The California Second Appellate Court Justices--Steven Z. Perren Kenneth R. Yegan and Arthur Gilbert have viewed this Causation video and Exhibit # 1768 showing no "Date of Stabilization with Caltrans and the Oceano Community Service District drainage changes in 2000-2001-2002. This Appellate Court blame Pismo Oceano Vegetable Exchange 100% having talked about this use on P. two of their June 28, 2010 California Appellate Court Decision!
The Second Appellate Court Justices--Steven Z. Perren Kenneth R. Yegan and Arthur Gilbert put responsibility for this culvert as stated: "The court found that the Railroad may have been negligent by failing to enlarge the culvert or requiring that its tenant do so." OK--Why is OCSD Dredging Debris into this drainage channel?
This Abatable Pollution that OCSD is dredging into the Railroads Storm Water Drainage inlet pipe can be abated--"Maingini v. Aerojet General Corp., supra, 230 Cal.App.3d at p. 1143-1147 ETC. OCSD, County of San Luis Obispo have created this "Continuous Nuisance."
The Oceano Community Service District use of this storm water drainage system as stated by OCSD at an Inverse Condemnation Trial.
P. 383 Answer: We run the well— Right now, were running about five or six day a week. And we just start it in the morning, so it goes through a cycle
Question. How much water is discharged out of the pipe each time that you do the procedure that you described?
Answer. Approximately 2,500 Gallons per minute? Question. And the rate at which this water is discharged is somewhere around 1,300 gallons per minute?
Answer. Well, it starts out fast and gradually slow down until it stops. And when it stops, all the water is going into the system.P. 385 Question: Are you aware of any permission sought by the district, itself for operating this pipe?
Answer: Other then the Health Department, I don't know of any."
P.386 by Mr. Belsher: Thirteen thirty-six and 1337, is this the same discharge pipe we discussed or saw in the previous photograph, only a different configuration?
Question: And did you oversee an extension of the pipe into the culvert thats depicted there?
Question. And this picture dated 2002, so does that seem as if that was the state of the to your recollection, That the pipe was projecting into the culvert as of 2002?
Question. And 1338 is another example of the pipe extended into the culvert. Thirteen thirty nine, is this an OCSD employee? Answer. I believe it is.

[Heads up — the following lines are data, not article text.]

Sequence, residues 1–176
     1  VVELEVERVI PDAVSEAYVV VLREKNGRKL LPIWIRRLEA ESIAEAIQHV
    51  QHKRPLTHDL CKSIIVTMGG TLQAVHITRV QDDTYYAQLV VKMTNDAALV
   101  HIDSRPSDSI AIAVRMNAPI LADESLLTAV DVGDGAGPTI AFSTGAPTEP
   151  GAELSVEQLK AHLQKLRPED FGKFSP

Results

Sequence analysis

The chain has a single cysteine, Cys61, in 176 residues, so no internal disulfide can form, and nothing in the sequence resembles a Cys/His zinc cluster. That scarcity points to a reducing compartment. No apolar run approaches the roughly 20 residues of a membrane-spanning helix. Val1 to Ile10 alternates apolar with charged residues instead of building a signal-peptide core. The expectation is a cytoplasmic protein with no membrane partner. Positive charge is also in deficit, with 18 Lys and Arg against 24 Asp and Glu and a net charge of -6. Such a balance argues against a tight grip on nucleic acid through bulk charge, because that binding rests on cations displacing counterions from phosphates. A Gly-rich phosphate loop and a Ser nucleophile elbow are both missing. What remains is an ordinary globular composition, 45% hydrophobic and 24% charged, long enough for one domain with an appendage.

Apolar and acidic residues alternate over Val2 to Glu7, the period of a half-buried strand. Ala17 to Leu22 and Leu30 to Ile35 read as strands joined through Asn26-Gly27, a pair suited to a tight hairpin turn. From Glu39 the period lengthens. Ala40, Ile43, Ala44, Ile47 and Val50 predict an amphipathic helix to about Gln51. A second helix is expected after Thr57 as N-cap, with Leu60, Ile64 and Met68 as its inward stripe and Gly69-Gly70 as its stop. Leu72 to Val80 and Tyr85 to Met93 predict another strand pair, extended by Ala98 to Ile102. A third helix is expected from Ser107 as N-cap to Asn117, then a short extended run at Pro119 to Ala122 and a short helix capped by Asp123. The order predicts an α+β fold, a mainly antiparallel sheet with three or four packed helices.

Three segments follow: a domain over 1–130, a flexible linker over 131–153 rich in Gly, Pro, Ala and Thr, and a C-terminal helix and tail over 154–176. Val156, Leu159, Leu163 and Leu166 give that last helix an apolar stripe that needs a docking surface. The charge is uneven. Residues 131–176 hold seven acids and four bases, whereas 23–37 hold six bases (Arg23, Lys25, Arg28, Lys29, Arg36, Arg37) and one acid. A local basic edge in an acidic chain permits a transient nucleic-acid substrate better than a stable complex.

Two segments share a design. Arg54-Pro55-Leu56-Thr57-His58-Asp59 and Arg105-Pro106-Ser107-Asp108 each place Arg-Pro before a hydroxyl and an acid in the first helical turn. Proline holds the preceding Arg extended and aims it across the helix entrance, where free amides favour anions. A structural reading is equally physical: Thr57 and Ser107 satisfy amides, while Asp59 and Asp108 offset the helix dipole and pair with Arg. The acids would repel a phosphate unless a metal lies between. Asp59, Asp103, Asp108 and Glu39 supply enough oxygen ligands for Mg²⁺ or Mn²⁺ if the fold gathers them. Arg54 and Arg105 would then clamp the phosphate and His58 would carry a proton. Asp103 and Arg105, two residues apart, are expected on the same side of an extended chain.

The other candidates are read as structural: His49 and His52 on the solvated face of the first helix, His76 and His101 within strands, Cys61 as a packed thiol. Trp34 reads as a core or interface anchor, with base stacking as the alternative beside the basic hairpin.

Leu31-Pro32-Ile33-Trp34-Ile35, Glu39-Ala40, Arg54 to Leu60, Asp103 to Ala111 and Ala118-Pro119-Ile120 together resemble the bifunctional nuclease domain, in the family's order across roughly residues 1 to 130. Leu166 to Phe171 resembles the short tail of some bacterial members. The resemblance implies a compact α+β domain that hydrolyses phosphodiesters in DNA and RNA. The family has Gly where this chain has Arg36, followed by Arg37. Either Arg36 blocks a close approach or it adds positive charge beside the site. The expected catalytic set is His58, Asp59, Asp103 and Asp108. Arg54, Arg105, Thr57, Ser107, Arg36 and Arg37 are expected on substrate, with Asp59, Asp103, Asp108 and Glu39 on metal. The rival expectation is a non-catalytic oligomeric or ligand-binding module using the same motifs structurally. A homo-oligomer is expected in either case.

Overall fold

Question: And I note that the pipe now is cut back from the entrance to culvert?
Answer: Thats correct.
Question: And is that an action which you and your staff took in 2002?
Is this use of a storm water drainage channel that goes to the Pacific Ocean allowed by the California Fish and Game?
Caltrans, apparently cannot stop State Highway 1 from flooding?
"Due to past litigation, the Department is no longer responsible or allowed
to maintain the channel located off of the Caltrans right of way. If you
would like further information about the drainage situation and the
maintenance effort at this location, which has a history beyond what can
be detailed in an e-mail, please let me know so that I can arrange a
meeting with Department staff familiar with the drainage challenges and
restrictions at this site."
D-5 NPDES Coordinator
You would think that this would go against all NPDES Caltrans County of San Luis Obispo and Oceano Community Service District permits involving this drainage system changed by the County to the Pacific Ocean?
The Oceano Community Service District discharges their Well # 8 water into this drainage system daily as Caltrans has been caught on security cameras shoveling and grading their storm water and debris into this storm water drainage channel. Is this legal?
Skoumbas v. City of Orinda (2008) 165 Cal.App.4th 783. Diversion of
surface waters into a natural watercourse creates liability only if it causes an
unreasonable risk of harm under Locklin factors and is a substantial cause of
damage. Flood control system that fails in heavy rain and causes damage
to property that has historically been subject to flooding governed by rule
of reasonableness. City could be liable even if its storm drainpipe
discharged into a private pipe and the damage occurred downstream.
We conclude the critical inquiry is not whether the entire system was a
public improvement, but rather whether the City acted reasonably in its
maintenance and control over those portions of the drainage system it does
own. Substantial cause-and-effect relationship is enough for liability
even for downstream flooding.